The Cold Millions by Jess Walter
The struggle between labor and management in the early twentieth century was a violent, passionate and lengthy. This is the story of two brothers desperately trying to find their path through the dangerous wilderness of murderers, zealots and immoral tycoons.
The struggle of unions to achieve the just treatment of workers was a long, violent fight. It was a war in the true sense of the word. There were battle, blood, death and internment exactly as in conventional conflict between nations. This story is about two brothers who enter the fray in relative naivete but soon become embroiled in the sinister tangled coils laid by the principals for each other. Gig (Gregory) and Rye (Ryan) Dolan are riders of the rails, frequenters of hobo camps, day laborers and believers in the necessity of overthrowing the oppressive yoke of tycoons who exploit their employees and then discard them like so much trash.
It has been said, and I am a believer, that there is more truth in fiction than nonfiction. Facts can be laid out to support an argument, prove a point, illuminate history but facts are not truth. The lives of people, their pains, disappointments, disillusionments, personal victories and sometimes eventual peace are where truth is to be found. The exemplary exposition of these travails is achieved with unusual potency in The Cold Millions. I believe in the characters of Gig and Rye and I have every faith that their story is as real as any history text.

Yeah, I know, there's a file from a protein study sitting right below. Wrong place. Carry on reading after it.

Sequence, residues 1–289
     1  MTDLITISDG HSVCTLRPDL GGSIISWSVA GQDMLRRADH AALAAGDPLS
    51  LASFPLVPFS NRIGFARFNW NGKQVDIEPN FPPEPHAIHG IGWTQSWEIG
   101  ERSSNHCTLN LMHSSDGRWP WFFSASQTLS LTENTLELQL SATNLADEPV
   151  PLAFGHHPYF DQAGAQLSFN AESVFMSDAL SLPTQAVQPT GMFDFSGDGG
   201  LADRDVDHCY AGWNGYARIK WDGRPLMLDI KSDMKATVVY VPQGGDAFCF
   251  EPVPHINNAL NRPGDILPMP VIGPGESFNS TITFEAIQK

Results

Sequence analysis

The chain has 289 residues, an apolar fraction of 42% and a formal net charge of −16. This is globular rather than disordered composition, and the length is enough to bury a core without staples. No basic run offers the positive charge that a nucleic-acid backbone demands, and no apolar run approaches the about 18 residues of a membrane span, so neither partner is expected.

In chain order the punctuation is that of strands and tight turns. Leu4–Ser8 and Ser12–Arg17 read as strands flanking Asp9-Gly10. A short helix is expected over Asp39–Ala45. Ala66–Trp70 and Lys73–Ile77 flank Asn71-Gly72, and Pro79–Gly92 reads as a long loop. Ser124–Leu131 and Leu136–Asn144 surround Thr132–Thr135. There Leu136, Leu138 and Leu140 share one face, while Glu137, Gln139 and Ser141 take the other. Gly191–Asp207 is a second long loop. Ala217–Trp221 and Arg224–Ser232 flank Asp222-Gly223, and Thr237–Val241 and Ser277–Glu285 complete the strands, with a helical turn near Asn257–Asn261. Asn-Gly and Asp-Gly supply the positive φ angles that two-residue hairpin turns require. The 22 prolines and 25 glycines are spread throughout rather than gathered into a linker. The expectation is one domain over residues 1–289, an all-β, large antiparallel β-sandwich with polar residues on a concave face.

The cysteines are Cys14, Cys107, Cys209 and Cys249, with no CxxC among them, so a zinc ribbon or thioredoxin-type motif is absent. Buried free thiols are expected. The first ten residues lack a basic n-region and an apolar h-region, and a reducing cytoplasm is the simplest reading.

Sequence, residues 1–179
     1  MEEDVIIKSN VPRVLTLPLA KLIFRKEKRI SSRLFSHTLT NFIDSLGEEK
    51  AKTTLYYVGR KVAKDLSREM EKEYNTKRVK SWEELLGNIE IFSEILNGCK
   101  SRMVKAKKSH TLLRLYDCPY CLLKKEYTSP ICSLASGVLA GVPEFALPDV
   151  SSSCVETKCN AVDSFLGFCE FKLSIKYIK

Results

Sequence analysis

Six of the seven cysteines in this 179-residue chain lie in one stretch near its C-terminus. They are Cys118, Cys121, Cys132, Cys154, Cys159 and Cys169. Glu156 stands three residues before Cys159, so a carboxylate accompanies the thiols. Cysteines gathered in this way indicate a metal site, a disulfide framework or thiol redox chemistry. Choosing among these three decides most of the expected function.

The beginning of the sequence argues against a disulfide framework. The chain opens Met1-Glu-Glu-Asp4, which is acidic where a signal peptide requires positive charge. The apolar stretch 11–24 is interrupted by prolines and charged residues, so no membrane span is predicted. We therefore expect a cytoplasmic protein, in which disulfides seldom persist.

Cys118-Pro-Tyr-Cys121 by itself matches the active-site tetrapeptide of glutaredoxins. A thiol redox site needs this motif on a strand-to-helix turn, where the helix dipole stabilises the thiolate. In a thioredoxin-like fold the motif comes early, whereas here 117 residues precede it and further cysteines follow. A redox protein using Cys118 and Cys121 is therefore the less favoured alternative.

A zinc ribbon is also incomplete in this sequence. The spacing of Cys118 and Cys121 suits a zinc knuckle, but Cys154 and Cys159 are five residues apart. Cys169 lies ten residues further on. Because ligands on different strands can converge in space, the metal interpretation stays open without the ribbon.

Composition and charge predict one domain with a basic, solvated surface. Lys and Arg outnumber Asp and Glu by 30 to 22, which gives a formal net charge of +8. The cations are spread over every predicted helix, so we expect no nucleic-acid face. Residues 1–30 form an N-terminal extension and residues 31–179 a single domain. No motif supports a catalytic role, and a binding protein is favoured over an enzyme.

Orphaned and on the bum, the two siblings rattle from one town to the next, receiving sustenance from the “Starvation Army” (sic), trackside campfires and the occasional odd job or morsel thrown their way by a sympathetic housewife, store owner or farmer. Gig, the older, is a proponent of the International Workers of the World, the IWW, or “wobblies” as they were known shortly after the turn of the 20th century. The age of the robber barons, those heartless and ruthless tycoons who amassed obscene wealth upon the backs of the working class is still in full flight. They find themselves in Spokane, Washington and become associated with the local IWW chapter in their clash with a corrupt city government that enforces the will of the privileged by means of a brutal police force. They meet an energetic and charismatic union organizer by the name of Elizabeth Gurley Flynn (an actual person, by the way) whose fiery rhetoric inflames the workers to civil disobedience and ignites a downright war with the Spokane establishment. What ensues is hard on everyone and fatal to some. Add the presence of provocateurs hired by the fat cats to hobble or even eliminate the resistance to their wealth-gathering and the situation becomes truly sinister. Demonstrations, speeches, riots, mass incarceration and eventually murder become the chess pieces in this deadly game of power.
Using vernacular of the time and place and a straightforward prose style the author presents an engrossing tale of opposition to oppression, brutal working conditions, dastardly betrayal, filial love and social unrest. It is useful for us to remember that many of the policies we now take for granted were once controversial and brought about by hard fought victories over evil. Not just a lesson in history but a completely captivating story, this is an outstanding work and can be enjoyed by any reader of fiction, or nonfiction for that matter.